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Burt Bacharach Part Three: Big Screen, Little Screen

Issue 148

Like many prolific composers, Burt Bacharach was called upon to compose music for a handful of films and stage productions. Some were fantastic works. One was so notoriously difficult that it led to a bitter breakup. I won’t cover all of his soundtracks here, but will visit some interesting highlights.

This first tune isn’t from a specific soundtrack, but many of us who were around a television in the early 1970s tuned to their local ABC affiliate will remember the “Movie of the Week” theme. This was Bacharach’s tune “Nikki,” written at the time for his prematurely newborn daughter. (You can relive the ABC opening credits here: https://www.youtube.com/watch?v=rM-Vkd7On2Q).

 

Bacharach’s first film score was for the wild 1965 sex comedy What’s New, Pussycat?. None other than the hip-swaying Welsh belter Tom Jones provided the vocal for this boisterous waltz, having had his massive breakthrough hit “It’s Not Unusual” earlier that year. Jones also recorded the theme for the film Thunderball (which was not a Bacharach/David composition) later in 1965.

 

Another of Bacharach’s early film scores was the 1966 Peter Sellers vehicle After The Fox, which also featured Victor Mature and Sellers’ then-wife Britt Ekland, in an elaborate scheme to steal a shipment of gold. The vocals on the main title theme were sung by The Hollies. Thankfully, someone set the recording of the tune to the film’s opening credits for this video.

 

1967 brought us the Casino Royale film score. The film itself is chaotic, but the Colgems LP of the soundtrack became legendary for its sound quality among audiophiles. After the narrow confines of the comedy After The Fox, the scoring for Casino Royale is more fully realized, with many changes in mood, from the bustle of “Bond Street” to the brassy main title theme, and the sultry Dusty Springfield take on “The Look of Love,” which is the definitive version of this tune, either by Springfield or the countless other vocalists who have covered it.

 

The film score that followed was for the Paul Newman and Robert Redford film Butch Cassidy and The Sundance Kid. The big hit from the film was “Raindrops Keep Falling On My Head,” although it appeared in a scene in shortened form as “On A Bicycle Built for Joy.” (On that version, B. J. Thomas was suffering from laryngitis, which accounted for his rough voice on the soundtrack and on the A&M soundtrack album.)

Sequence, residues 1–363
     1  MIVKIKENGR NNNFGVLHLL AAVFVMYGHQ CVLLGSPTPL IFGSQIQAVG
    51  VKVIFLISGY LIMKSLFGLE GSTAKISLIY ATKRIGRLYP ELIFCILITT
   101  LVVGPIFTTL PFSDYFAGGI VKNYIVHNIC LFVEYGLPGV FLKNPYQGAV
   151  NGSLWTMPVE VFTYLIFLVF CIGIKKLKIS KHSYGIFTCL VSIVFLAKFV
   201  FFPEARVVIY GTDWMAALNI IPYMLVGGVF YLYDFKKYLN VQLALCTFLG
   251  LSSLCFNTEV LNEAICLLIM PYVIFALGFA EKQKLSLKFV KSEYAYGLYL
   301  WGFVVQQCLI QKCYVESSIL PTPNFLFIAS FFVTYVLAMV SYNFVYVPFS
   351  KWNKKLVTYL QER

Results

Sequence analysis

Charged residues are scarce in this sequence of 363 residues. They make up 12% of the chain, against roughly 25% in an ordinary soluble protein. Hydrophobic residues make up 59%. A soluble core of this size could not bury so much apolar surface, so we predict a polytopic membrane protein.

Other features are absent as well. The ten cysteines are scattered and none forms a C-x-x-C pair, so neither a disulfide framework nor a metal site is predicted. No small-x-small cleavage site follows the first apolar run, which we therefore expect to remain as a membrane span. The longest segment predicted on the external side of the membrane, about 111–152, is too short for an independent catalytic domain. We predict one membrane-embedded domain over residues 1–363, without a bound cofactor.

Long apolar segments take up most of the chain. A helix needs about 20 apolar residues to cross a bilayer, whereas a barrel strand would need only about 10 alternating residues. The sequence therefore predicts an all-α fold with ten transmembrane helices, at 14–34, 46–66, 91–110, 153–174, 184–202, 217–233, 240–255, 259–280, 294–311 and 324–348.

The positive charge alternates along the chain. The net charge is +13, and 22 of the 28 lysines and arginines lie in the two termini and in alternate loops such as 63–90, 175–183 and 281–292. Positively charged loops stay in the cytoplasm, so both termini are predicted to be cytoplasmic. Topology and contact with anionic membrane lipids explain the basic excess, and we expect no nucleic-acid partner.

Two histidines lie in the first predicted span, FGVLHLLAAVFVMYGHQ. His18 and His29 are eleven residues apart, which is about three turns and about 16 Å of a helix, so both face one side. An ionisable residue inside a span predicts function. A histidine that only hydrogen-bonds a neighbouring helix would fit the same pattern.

A rather unique track from the score is “South American Getaway,” featured here. This is a five-part vocal track, and the way it was used in the film was unprecedented. This tune was used during a montage and chase sequence. The voices were recorded dry (without any reverb or effects); in the film, the sounds from the action and voices on screen are muted as well. It’s an odd juxtaposition of a modern jazz vocal sound (check out the unusual chord progressions) against the 19th century setting of the film, yet it works surprisingly well. The vocal group was primarily the core of the Ron Hicklin Singers, with Sally Stevens (soprano) a featured soloist.

 

A somewhat forgotten film called The April Fools featured Jack Lemmon and Catherine Deneuve. Both married, each have uncaring, unloving spouses, and go out on an adventure around town, eventually deciding to run away together the following evening. Accompanying the film was the poignant title tune, performed by Dionne Warwick.

 

Lost Horizon is the soundtrack that sidelined the Bacharach/David partnership. A musical remake of Frank Capra’s 1937 film. It not only failed catastrophically at the box office, but to this day is still lambasted as one of the worst films of all time. (Your author has tried to sit through it as well…I will say, the critics lambasting it were way too kind.) Bacharach himself has said that the songs worked in isolation, but not in the context of the film. The title track is sung by Shawn Phillips.

 

Mark Lindsay was known more as the front man for Paul Revere & The Raiders, but also recorded a handful of his own albums, scoring big with the hit “Arizona.” He was tapped to sing the catchy title track for the film Something Big, a comedy western starring Dean Martin, Honor Blackman and Brian Keith.

 

A relatively unknown Italian film from 1979, Together? originally had a score provided by the Italian progressive rock band Goblin. For US release, Bacharach created a new score, which was released on RCA. Here is “I Don’t Need You Anymore,”a tune featuring Jackie DeShannon.

 

Bacharach’s most well-known cinema tune is the main title for the film Arthur, starring Dudley Moore and Liza Minnelli. Bacharach, along with lyricists Carole Bayer Sager, Christopher Cross and Peter Allen, would win an Oscar for the chart-topping “Arthur’s Theme (Best That You Can Do).”

 

In the next installment, we will revisit Dionne Warwick with some interesting, under-appreciated gems from her catalog.

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